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Getting Started with Ruby on Rails – What Tools do you Use?

Charles Brian Quinn

A friend recently asked us, here at Highgroove:

“I am wanting to get into Ruby and Ruby on Rails development – what tools should I use, so I can start with a leg up?”

It’s a great question, and once we answered, our friend said: “you should put this on-line.” So here goes…

We’re all Mac-heads, so we use Mac OS X Snow Leopard, with either VMWare or VirtualBox to run Windows 7 (for browser testing).

We use many different Ruby versions – each client’s project may require a different version (ruby 1.8, ruby 1.9, JRuby, etc.), so we use a tool called RVM to allow us to switch between Ruby versions on a per project basis. If you’re brand new, the default Ruby 1.8.7 should be fine.

We like to “build tools from source,” which means we use guides like Hivelogic’s Installing Ruby, RubyGems, and Rails on Slow Leopard, and for that reason, most of us use homebrew, too.

We use TextMate to edit code in projects, but only because we wrote the book on it. A few of us use Vim, and because of the internal competition (can Textmate do this? Can Vim do this?), we’re always getting more productive with both.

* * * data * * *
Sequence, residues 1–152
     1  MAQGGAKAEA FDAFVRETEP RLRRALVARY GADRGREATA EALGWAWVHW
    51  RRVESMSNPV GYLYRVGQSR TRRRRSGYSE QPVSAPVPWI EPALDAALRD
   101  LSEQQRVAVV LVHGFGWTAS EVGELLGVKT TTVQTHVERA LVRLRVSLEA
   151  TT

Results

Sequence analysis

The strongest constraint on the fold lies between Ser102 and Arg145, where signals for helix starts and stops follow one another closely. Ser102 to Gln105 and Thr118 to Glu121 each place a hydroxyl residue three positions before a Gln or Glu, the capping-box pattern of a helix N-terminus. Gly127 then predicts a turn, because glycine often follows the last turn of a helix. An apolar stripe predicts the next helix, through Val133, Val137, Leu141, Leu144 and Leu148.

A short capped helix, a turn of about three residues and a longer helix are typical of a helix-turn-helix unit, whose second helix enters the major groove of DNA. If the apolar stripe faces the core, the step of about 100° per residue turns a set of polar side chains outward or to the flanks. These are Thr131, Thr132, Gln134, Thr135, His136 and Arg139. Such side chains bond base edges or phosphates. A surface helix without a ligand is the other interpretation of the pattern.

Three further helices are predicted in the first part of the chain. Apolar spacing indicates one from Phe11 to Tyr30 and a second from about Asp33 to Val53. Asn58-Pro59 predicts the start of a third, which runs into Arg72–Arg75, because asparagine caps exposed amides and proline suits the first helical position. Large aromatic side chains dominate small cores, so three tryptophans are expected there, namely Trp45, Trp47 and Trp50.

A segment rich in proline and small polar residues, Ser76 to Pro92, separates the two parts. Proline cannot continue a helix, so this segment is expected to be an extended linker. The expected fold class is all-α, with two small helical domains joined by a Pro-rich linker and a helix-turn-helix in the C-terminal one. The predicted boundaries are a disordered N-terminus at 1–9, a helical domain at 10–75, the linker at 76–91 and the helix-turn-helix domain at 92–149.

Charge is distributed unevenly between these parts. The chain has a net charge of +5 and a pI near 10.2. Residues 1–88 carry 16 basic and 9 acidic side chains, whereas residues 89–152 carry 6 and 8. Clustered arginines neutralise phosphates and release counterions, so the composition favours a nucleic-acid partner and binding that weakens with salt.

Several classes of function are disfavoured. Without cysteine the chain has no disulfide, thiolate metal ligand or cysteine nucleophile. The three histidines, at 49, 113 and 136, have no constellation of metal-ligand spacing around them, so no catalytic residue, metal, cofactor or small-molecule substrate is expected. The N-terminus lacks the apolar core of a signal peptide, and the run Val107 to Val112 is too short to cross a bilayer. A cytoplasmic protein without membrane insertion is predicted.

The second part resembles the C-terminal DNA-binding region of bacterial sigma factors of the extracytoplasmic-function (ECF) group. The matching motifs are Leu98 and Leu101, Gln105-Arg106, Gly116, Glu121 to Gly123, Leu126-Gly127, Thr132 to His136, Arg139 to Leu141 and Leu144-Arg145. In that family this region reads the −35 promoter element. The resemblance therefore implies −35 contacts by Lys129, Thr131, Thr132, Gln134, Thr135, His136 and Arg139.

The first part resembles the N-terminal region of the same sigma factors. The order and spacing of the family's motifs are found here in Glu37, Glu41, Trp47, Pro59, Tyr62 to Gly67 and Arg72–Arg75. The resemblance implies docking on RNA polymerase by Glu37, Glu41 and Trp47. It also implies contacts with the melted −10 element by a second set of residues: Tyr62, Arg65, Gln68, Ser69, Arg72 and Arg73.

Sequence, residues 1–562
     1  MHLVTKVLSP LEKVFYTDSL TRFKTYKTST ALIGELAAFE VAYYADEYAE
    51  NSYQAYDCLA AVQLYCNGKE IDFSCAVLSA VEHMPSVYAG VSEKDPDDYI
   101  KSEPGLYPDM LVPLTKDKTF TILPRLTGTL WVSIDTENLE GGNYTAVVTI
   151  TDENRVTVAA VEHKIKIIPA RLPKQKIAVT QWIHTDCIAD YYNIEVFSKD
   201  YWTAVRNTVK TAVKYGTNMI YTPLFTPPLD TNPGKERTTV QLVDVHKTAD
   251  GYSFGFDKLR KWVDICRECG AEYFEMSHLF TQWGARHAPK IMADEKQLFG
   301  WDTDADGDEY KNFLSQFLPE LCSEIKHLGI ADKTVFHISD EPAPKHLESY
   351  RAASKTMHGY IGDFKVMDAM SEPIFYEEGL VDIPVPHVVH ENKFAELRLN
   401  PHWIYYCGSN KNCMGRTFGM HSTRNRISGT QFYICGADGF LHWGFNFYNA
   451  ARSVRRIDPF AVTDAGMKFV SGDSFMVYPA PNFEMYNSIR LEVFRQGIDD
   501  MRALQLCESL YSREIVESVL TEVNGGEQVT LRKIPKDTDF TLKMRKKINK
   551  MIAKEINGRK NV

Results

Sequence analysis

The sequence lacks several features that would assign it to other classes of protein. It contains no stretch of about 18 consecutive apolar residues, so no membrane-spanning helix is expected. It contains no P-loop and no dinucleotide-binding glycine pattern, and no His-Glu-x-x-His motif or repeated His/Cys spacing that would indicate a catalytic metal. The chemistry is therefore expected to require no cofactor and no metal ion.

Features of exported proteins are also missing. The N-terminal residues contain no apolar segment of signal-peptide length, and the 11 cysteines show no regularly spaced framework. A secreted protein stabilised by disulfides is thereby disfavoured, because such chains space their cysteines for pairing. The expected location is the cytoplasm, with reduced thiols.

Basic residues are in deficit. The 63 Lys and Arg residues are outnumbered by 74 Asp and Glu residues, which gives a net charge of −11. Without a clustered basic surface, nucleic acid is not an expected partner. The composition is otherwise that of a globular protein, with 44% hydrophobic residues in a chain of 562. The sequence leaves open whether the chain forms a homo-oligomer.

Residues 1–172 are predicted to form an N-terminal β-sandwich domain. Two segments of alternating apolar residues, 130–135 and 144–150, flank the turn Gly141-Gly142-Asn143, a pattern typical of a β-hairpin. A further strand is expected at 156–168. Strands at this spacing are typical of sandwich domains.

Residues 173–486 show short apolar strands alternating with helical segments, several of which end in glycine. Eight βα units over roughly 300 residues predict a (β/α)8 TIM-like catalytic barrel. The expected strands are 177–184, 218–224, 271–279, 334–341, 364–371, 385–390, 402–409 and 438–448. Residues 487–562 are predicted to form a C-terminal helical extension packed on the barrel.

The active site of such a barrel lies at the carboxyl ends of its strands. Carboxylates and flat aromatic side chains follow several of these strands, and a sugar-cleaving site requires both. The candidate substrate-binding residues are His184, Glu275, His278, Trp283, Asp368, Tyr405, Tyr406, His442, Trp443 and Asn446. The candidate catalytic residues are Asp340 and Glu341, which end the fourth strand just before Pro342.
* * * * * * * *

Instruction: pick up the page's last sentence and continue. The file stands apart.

We use the MySQL database and often times, SQLite (it ships with Mac, is built-in and is easy to use for small projects). We also have PostgreSQL installed for a few clients.

For deployment we use the cloud platforms, either RailsMachine, EngineYard, Amazon EC2, Rackspace Cloud, or Heroku. Heroku is the way to go if you’re new to Ruby on Rails. We also can’t live without Scout, once a Ruby on Rails application is up and running.

We use Basecamp for Project Management, and Pivotal Tracker for tracking feature development. We use test/unit to write unit testing, RSpec when the time is right, and Cucumber for speeding up development (and getting it done right). We also use Selenium (in conjunction with Cucumber) for doing high level feature development. If you’re just getting started, stick to test/unit, and then add in RSpec and Cucumber when you realize why you really need these tools.

In a nut-shell, we always do feature development off a list of stories, either in an iteration, or from a moving, constantly prioritized back-log, that includes descriptions, screenshots, and what we call “acceptance criteria”, which is just a fancy word for: “how will we know when the feature we built is working?”

We use git for source control, and host our projects on github.com.

When evaluating libraries, we love the Ruby Toolbox. We also stay up to date with the Railscasts videos. PeepCode is indispensable, if you’re new to Ruby on Rails.

What tools would you recommend?

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